Summary: This project, undertaken in collaboration with the Bangladesh Resource Center for Indigenous Knowledge (BARCIK)/Integrated Action Research and Development (IARD), a local NGO and Pr. Paul Sillitoe, an anthropologist at the University of Durham (United Kingdom), is about matching scientists’ interventions in fisheries and aquaculture work with locals’ needs and ideas. Its main aims are to explore, identify and document indigenous knowledge and practices relating to fisheries in Charan (a village in the Tangail district of Bangladesh); to analyze the collected data according to local people’s socio-economic positions; and to prepare policy recommendations for the application of such knowledge and practices in development initiatives. Preliminary results illustrate, amongst other things, significant discrepancies between the developers and local fishermen’s understanding and judgment of fish.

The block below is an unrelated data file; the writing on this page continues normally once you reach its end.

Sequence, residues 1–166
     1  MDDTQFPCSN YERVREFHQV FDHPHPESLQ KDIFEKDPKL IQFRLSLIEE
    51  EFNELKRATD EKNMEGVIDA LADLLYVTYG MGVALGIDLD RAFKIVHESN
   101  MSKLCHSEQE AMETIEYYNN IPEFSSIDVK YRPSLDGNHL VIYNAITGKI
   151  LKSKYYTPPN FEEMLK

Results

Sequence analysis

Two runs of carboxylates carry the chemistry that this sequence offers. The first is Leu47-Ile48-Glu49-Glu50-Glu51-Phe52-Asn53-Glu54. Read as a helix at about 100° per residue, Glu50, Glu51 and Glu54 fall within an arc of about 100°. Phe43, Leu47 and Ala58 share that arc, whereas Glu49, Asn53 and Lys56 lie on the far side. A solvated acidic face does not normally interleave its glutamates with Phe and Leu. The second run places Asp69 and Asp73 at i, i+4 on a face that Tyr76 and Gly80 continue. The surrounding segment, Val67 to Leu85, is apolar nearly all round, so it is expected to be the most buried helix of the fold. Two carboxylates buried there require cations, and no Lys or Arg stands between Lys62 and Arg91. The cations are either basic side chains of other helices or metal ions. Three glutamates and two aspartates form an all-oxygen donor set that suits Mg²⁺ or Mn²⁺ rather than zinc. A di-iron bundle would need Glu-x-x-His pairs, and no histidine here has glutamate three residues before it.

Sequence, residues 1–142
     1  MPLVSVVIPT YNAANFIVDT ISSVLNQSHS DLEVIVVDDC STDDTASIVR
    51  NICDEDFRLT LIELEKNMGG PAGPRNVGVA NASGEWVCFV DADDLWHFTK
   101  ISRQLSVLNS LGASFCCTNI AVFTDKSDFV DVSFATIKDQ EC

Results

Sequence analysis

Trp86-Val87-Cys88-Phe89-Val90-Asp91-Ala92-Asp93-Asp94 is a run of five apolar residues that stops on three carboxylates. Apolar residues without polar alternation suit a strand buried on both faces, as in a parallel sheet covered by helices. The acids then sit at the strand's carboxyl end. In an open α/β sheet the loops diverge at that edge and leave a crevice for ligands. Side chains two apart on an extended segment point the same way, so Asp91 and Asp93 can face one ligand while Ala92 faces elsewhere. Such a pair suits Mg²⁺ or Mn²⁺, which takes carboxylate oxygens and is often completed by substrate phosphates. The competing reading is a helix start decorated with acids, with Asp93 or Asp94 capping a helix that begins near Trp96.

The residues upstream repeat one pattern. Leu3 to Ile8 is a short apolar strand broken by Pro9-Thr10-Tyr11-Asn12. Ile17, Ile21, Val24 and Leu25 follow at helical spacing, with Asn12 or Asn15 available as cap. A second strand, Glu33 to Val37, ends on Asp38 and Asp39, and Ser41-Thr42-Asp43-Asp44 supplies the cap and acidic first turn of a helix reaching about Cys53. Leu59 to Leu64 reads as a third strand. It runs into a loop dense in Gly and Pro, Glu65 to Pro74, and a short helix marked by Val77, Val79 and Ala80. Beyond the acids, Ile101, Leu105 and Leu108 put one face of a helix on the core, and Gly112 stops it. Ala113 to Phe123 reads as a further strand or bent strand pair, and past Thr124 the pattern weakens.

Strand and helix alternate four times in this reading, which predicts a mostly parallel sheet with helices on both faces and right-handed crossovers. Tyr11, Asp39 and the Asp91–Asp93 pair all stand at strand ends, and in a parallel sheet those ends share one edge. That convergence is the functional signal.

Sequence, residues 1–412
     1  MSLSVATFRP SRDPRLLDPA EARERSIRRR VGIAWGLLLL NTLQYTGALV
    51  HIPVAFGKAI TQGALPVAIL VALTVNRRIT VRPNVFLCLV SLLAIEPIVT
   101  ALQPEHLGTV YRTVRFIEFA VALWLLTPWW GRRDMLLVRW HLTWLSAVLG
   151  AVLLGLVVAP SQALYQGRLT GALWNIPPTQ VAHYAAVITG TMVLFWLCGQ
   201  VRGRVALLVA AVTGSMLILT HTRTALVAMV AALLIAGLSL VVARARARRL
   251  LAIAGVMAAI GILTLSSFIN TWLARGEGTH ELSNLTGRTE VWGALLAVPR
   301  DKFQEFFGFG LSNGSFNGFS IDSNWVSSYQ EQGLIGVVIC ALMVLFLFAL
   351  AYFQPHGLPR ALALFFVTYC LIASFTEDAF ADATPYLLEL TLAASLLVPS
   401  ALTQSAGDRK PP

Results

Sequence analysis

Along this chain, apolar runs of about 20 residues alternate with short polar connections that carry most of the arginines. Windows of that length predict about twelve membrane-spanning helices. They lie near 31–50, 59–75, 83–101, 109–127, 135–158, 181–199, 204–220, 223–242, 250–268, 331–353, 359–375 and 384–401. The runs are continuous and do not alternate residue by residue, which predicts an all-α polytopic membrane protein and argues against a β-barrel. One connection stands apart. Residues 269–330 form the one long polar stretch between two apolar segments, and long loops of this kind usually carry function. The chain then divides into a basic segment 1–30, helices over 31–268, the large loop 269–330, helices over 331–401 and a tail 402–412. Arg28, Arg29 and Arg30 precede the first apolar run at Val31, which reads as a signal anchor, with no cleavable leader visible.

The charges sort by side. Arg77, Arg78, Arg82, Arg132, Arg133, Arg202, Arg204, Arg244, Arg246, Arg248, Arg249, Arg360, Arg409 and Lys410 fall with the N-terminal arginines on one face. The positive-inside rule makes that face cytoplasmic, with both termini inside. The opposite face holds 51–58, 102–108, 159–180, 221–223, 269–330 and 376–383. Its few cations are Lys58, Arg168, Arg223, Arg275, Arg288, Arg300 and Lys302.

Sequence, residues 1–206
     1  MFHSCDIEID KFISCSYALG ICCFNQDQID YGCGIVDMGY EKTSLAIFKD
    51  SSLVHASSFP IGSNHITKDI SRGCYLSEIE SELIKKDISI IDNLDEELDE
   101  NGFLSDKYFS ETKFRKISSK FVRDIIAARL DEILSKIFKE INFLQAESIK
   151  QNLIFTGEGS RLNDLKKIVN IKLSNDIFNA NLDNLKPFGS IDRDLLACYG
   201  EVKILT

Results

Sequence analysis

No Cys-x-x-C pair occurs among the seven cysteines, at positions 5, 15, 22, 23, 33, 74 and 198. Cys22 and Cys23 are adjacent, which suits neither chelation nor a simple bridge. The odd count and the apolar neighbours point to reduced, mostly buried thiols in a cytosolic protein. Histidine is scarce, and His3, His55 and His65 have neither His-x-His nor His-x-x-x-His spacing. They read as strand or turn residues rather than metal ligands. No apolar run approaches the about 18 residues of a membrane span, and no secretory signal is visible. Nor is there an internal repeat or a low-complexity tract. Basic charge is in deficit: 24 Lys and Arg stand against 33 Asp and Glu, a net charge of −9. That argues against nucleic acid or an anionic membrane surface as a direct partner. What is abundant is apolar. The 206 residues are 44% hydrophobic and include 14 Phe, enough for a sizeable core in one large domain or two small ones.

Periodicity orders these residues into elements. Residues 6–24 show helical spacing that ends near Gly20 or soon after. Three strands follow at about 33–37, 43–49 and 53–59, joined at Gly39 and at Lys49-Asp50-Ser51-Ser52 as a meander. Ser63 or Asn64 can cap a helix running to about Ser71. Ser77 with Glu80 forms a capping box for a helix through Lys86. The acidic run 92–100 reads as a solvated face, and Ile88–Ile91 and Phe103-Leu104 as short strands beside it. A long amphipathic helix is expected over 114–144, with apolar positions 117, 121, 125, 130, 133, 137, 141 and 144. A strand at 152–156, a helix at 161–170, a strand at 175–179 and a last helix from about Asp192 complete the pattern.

When scientists involved in development look at fish, they tend to look mainly at growth rate. The faster it grows, and the bigger it becomes, the better it is in terms of cost effectiveness and economic viability. From this perspective, it also makes more sense to raise fish in ponds rather than harvest them from open waters.
Preliminary project results show that local people do not like to eat the large introduced species. They consider the small fish from the open waters to be healthier (higher in vitamin content) and better tasting. In particular, as fish heads are considered highly nutritious, people prefer many small fish so that there are more heads to go around. Local people even express a willingness to pay more for the smaller fish.
Furthermore, development activity has attracted wealthy investors from outside the region who are increasingly taking control of the fishing industry. This has led to a diminishing demand for labor and a gradual appropriation of the trade that the local Hindus of low ‘jele’ caste had practiced for generations.
As a result there has been an increased out-migration of local fishermen, leaving their homes to join thousands of others to look for menial jobs in towns and other villages.